When Mark Dinerstein began booking acts in 2006 for Knitting Factory in Boise, he got some sobering advice about dance music in this region.
Dont you dare book a DJ and charge $25 for it, he was advised. People just wont come.
Flash forward to last week: DJ/producer Pretty Lights sold out the Knit: 999 fans on a Thursday.
What a difference a few years make. In 2012, electronic dance music (EDM) is saturating the planet even Boise, where trends tend to arrive a bit late.
A DJ spinning tunes in a dark booth? Not anymore. Todays laptop-fueled EDM shows are a visceral journey. DJs mix and dance on stage, armed with chest-rattling bass, swiveling lasers and eye-popping, hi-tech LED graphics that zig-zag to the beat.
Encouraged by the genres explosive growth in major markets, Dinerstein methodically has been booking EDM in Boise for the past 18 months. Dubstep purveyor Skrillex sold out the Knit in summer 2011, months before winning three Grammy Awards. A few weeks ago, Kaskade drew 754 fans to a Knitting Factory show priced at $40 a head.
Smaller Boise promoters also have been organizing gigs, ranging from a weekly local-DJ night at Fattys Bar to annual Fright Fest and Not Silent Night holiday events at places like the PowerHouse.
The Revolution Center in Garden City is the latest to elbow its way onto the dance floor with big names: Steve Aoki is coming on Oct. 17; Bassnectar on Oct. 25.
Boise is still behind the EDM curve compared to larger markets. But that could change fast, the speed everything moves in this scene.
I feel like Boises on the verge of blowing up, says promoter and DJ Tim Beck, recently hired to head the dance division of the Revolution Centers promoter CTTouring.
Dinerstein says he has tried to develop EDM in Boise while keeping prices down. Hes hoping fans will trust the Knit to offer cutting-edge EDM that includes unfamiliar acts.
Thats part of the concept behind the Knits bundled Fall EDM Pass: For $59, fans were offered five EDM shows including last weeks big Pretty Lights gig. Some of the other acts are Wolfgang Gartner (Oct. 19), Big Gigantic (Oct. 20) and Datsik (Nov. 12.) The pass has sold out.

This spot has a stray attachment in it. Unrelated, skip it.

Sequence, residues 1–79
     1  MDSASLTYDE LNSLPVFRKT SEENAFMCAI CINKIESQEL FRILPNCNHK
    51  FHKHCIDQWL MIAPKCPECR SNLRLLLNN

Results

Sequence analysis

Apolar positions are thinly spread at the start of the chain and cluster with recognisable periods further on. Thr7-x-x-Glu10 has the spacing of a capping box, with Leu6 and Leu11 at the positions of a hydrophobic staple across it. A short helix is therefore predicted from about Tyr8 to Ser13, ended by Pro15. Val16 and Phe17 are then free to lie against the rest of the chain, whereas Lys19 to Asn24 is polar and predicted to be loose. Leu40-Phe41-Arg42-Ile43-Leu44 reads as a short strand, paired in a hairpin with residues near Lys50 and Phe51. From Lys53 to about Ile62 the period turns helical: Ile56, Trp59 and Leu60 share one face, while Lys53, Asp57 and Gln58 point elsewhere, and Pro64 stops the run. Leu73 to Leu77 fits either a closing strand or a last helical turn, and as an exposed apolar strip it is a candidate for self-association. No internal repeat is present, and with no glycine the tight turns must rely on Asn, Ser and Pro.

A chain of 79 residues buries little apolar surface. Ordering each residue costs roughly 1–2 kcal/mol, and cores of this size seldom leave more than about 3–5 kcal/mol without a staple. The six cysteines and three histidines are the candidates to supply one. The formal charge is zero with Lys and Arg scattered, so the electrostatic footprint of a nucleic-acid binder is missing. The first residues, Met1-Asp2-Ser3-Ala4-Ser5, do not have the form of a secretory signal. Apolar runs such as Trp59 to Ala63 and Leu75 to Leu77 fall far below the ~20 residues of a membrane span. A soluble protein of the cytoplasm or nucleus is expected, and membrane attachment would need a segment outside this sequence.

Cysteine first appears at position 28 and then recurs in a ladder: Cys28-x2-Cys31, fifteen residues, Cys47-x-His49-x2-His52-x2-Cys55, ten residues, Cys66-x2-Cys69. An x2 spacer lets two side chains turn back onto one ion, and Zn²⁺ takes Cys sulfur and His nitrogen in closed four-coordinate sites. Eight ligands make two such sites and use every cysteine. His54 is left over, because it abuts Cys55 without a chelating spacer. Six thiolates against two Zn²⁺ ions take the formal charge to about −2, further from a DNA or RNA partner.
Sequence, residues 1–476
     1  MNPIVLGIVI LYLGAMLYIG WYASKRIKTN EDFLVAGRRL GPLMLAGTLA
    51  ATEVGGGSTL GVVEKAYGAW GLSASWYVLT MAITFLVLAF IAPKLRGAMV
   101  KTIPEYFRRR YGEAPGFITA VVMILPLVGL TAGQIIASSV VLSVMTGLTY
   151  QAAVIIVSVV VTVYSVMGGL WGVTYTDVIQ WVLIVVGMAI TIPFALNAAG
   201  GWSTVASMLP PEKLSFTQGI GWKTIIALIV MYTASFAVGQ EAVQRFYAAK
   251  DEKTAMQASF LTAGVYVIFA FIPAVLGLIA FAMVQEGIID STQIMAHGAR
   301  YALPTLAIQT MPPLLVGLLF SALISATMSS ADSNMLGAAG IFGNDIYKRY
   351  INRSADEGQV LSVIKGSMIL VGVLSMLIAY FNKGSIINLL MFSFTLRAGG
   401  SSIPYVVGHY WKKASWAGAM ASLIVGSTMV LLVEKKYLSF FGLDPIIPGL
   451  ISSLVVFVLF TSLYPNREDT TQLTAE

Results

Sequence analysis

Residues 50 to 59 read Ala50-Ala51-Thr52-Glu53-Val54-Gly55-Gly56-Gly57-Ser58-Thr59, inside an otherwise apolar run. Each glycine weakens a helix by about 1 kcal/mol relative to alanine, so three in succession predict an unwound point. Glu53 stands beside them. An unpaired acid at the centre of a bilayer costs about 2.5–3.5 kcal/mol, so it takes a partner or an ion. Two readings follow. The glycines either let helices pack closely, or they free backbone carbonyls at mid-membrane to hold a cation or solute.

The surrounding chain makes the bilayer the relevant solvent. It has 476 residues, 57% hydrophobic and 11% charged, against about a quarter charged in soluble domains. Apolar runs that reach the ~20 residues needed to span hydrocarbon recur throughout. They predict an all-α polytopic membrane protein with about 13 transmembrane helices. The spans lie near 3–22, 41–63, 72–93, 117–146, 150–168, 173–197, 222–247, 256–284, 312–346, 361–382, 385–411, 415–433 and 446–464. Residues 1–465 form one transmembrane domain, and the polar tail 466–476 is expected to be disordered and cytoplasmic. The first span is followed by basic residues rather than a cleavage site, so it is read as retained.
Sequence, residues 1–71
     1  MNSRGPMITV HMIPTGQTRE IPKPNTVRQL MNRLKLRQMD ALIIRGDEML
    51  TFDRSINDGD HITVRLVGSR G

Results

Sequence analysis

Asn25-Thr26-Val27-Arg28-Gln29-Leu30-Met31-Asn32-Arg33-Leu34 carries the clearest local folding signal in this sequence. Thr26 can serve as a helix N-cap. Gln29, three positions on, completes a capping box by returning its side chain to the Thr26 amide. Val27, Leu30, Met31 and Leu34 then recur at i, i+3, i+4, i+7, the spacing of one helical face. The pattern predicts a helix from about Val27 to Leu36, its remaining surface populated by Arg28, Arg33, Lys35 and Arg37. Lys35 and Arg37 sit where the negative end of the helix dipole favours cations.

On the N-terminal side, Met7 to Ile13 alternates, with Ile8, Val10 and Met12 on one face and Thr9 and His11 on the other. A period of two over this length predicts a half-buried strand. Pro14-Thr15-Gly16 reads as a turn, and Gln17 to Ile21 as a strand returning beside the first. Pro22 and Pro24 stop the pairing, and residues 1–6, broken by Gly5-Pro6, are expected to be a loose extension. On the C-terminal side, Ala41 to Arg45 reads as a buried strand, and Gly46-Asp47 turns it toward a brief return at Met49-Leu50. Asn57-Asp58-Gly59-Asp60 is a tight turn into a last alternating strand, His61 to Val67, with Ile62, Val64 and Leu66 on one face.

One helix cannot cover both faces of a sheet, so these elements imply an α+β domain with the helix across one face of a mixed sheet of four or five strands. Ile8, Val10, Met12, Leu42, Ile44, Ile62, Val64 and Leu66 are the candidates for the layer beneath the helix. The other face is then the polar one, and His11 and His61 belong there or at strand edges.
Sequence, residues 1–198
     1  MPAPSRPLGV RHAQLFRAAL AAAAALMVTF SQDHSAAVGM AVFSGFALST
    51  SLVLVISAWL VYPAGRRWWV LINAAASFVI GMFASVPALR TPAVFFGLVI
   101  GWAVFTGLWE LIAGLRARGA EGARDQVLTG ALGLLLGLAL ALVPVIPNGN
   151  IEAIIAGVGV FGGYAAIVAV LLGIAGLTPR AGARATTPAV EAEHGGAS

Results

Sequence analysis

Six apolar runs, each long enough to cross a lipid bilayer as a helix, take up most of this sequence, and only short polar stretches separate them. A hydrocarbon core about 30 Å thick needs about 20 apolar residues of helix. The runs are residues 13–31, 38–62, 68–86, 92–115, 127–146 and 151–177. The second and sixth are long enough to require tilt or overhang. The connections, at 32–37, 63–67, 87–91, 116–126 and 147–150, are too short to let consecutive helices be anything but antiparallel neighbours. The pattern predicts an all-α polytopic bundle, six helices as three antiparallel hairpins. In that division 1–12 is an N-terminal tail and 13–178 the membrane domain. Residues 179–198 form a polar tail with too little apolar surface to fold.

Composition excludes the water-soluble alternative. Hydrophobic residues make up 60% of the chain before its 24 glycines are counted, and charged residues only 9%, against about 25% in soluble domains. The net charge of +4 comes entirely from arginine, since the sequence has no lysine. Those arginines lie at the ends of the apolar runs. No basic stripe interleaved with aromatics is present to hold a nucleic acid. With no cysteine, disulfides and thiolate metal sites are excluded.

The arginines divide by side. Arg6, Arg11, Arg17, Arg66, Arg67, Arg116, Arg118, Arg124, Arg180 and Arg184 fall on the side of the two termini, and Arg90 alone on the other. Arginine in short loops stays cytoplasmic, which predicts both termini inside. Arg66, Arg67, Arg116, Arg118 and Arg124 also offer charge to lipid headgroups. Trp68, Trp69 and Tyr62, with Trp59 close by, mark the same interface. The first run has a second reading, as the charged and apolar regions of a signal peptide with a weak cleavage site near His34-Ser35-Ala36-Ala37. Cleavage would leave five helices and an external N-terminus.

The whole point of this was not to line our pockets, he says, but to take a finite amount of people, and not only to reward those people for taking a chance, but to give them a chance to see things maybe they havent heard about before.
Beck says building a scene on trust can work. He drew 1,400 fans to his second annual Fright Fest last year without big-name headliners.
With electronic music ... theres like half the crowd whos really into it, and they know whos playing, Beck says, and half the crowd who just go for the party. So what promoters do is they brand events with a specific name.
The countrys largest EDM blowout is the Electric Daisy Carnival, which drew 300,000-plus fans to Las Vegas over three days this summer. In Boise, Beck is hoping to amp up his holiday bashes by moving them to the Revolution Center.
Henry Rennar, who books bands at Reef in Boise, sees the onslaught of EDM at the Knit and Revolution Center in the next month or two as a barometer for where Boise stands.
Rennar booked eight up-and-coming EDM acts on Sunday nights in summer 2011 and lost money on all but two: Kill the Noise had 60 people, he groans. He has two features on Skrillexs new album.
With that memory still fresh, Rennar isnt ready to trumpet Boise as a card-carrying EDM market yet.
Heres the problem: If you have to do Pretty Lights, Bassnectar, Steve Aoki, Kaskade to have people show up to a show, thats not a real EDM scene, Rennar says. If youre bringing mid-level artists, indie up-and-comers, and youre getting 100 to 300 people out on those shows, then you have a scene.
But I think its awesome that places like Revolution and Knitting Factory are stepping out there and taking those risks, he adds, just to see if this can be a viable market for these artists that are touring all around our country, drawing huge crowds. Bassnectar, everywhere he goes, he has 3,000 tickets sold that are $30 and $40.
Most promoters see room for growth here, maybe even bringing a titanic act like Deadmau5 someday.
I can imagine bigger events in Boise, Dinerstein says. I am already working on them.
But not all the EDM acts coming in the next two months will do huge numbers, predicts DJ and promoter Jeffrey Jensen, the man behind dance night FML Thursdays at Fattys.
Thats just the way it goes, especially in this town, he explains. But theres no stopping it at this point. The EDM machine is moving forward whether people want it to or not. Eventually, Boise has to get on board.